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Disrupting OPEC:

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How American ingenuity and “tight oil” is fracturing the all-powerful cartel

The new energy abundance driven by unconventional oil and gas production is upending global politics on a wide range of issues. But nowhere is the effect more prominent than in the declining influence of OPEC. It took some time, but American entrepreneurship, innovation and technology have once again disrupted a comfortable cartel.

The story begins with George Mitchell, the son of Greek immigrants, and his dogged determination to liberate the natural gas trapped like little champagne bubbles in the shale rock of Texas. Mitchell spent half a century and nearly a quarter of a billion dollars researching and experimenting with different modes of coaxing that gas to the surface, ultimately succeeding well after the corporate giants of his industry had concluded it was not worth the effort.

Yet even a man with Mitchell’s vision could not imagine the far-reaching implications of his work. As late as 2000 – just on the cusp of the unconventional energy boom – Mitchell lamented that, for the United States, “a reversal of declining [oil] production doesn’t seem possible.”

In fact, thanks to the technologies Mitchell helped birth, the United States not only reversed that decline, but nearly doubled its production between 2008 and 2015. In 2013, the United States became the world’s largest producer of oil and natural gas combined. Today, the United States is the world’s largest exporter of refined products and is an exporter of both oil and gas.

This dramatic change in the U.S. energy position has transformed global energy markets, altering the sources of power of other countries and the terms on which they are able to use their own energy prowess to shape global politics. Nowhere is this more apparent than with OPEC.

Since its founding in Baghdad in 1960, the influence of OPEC has waxed and waned, but the organization maintained its sometimes disquieting ability to influence the prices Americans and others paid at the pump. OPEC has not set the price of oil directly, but instead calibrates the production of its own members – Saudi Arabia in particular – to affect the total supply of oil produced.

Members of OPEC are soon to meet in Vienna to discuss the possibility of extending production cuts to further boost the oil price. When they do, they will no doubt once again discuss how America’s fracking boom has undercut OPEC’s ability to play its traditional role. This curb on OPEC’s effectiveness is evident to those who watched the organization first founder in its efforts to respond to the 2014 price plunge and more recently in the fairly modest results it achieved through it attempts, alongside 10 other non-OPEC producers, to boost the price of oil over the course of 2017.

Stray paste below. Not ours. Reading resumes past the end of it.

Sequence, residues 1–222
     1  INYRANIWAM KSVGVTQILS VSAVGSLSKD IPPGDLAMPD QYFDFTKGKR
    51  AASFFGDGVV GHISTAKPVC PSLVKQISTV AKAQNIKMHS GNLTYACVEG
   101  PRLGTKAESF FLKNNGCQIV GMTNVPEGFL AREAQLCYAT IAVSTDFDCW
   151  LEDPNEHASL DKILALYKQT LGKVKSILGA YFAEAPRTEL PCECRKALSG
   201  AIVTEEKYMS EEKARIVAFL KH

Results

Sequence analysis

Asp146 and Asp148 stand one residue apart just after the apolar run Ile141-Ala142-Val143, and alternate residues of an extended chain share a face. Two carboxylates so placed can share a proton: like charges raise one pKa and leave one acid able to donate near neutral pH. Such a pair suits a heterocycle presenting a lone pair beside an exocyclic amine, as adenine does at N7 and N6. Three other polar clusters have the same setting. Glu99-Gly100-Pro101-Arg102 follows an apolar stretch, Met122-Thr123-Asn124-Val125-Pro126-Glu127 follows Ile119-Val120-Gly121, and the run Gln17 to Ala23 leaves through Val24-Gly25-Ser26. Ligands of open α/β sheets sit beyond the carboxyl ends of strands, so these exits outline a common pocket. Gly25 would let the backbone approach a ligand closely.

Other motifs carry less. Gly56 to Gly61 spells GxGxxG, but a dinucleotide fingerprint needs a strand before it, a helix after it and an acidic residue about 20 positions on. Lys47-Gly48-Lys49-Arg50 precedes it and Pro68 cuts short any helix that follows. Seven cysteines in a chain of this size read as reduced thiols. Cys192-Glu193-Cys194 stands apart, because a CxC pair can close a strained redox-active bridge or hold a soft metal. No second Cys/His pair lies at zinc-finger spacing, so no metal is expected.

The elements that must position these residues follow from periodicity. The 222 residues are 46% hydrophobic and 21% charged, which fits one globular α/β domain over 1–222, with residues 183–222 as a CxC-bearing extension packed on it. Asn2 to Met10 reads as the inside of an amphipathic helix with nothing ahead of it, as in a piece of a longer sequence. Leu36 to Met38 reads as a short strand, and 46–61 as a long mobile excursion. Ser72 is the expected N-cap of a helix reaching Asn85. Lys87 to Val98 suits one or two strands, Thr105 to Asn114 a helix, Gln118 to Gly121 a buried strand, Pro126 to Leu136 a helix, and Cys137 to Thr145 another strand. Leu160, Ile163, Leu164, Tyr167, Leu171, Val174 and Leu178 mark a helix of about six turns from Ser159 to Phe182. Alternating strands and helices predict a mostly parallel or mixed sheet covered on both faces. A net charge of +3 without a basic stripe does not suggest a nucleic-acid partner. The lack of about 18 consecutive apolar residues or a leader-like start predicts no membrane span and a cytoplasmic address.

Some attribute OPEC’s lukewarm impact on the price of oil to high political tensions within the cartel. In reality, a far bigger and possibly more enduring challenge to OPEC is the new business model introduced to oil markets by America’s “tight oil.”

Tight oil is a different animal than conventional oil. While there are not molecular differences between the two once out of the ground, the process of extraction is very distinct. Conventional oil production involves complex and capital-intensive endeavors to tap into large underground reservoirs of oil. Such projects require big upfront investments and patience, as the development of such fields can take as much as 10 years from initial investment to first oil.

Tight oil is produced according to an entirely different business model than conventional oil. It demands constant small investments in new wells, but these are in the range of a million dollars, rather than tens or hundreds. And it rewards its investors with first production within, potentially, months.

As a result, hundreds of American companies now respond quickly to any increase in the global price of oil with new production in very short order. The net effect on OPEC? Whereas the members of the organization could often enjoy the higher prices their actions induced for years, now they must anticipate that any price lift they orchestrate will be met at least in part by the production of more U.S. tight oil.

Tight oil has not slayed OPEC – and we should expect markets to respond positively to any announcement to prolong or deepen cuts in the coming days. But, regardless of its efforts, tight oil has elbowed OPEC off center-stage, creating more room for the market in setting oil prices than has been the case for decades – and demonstrating yet again how American ingenuity can transform the international landscape.  

Meghan L. O’Sullivan is the author of Windfall: The New Energy Abundance Upends Global Politics, on which this article is based.

 


Meghan L. O'Sullivan

Harvard Kennedy School Professor | Author of Windfall

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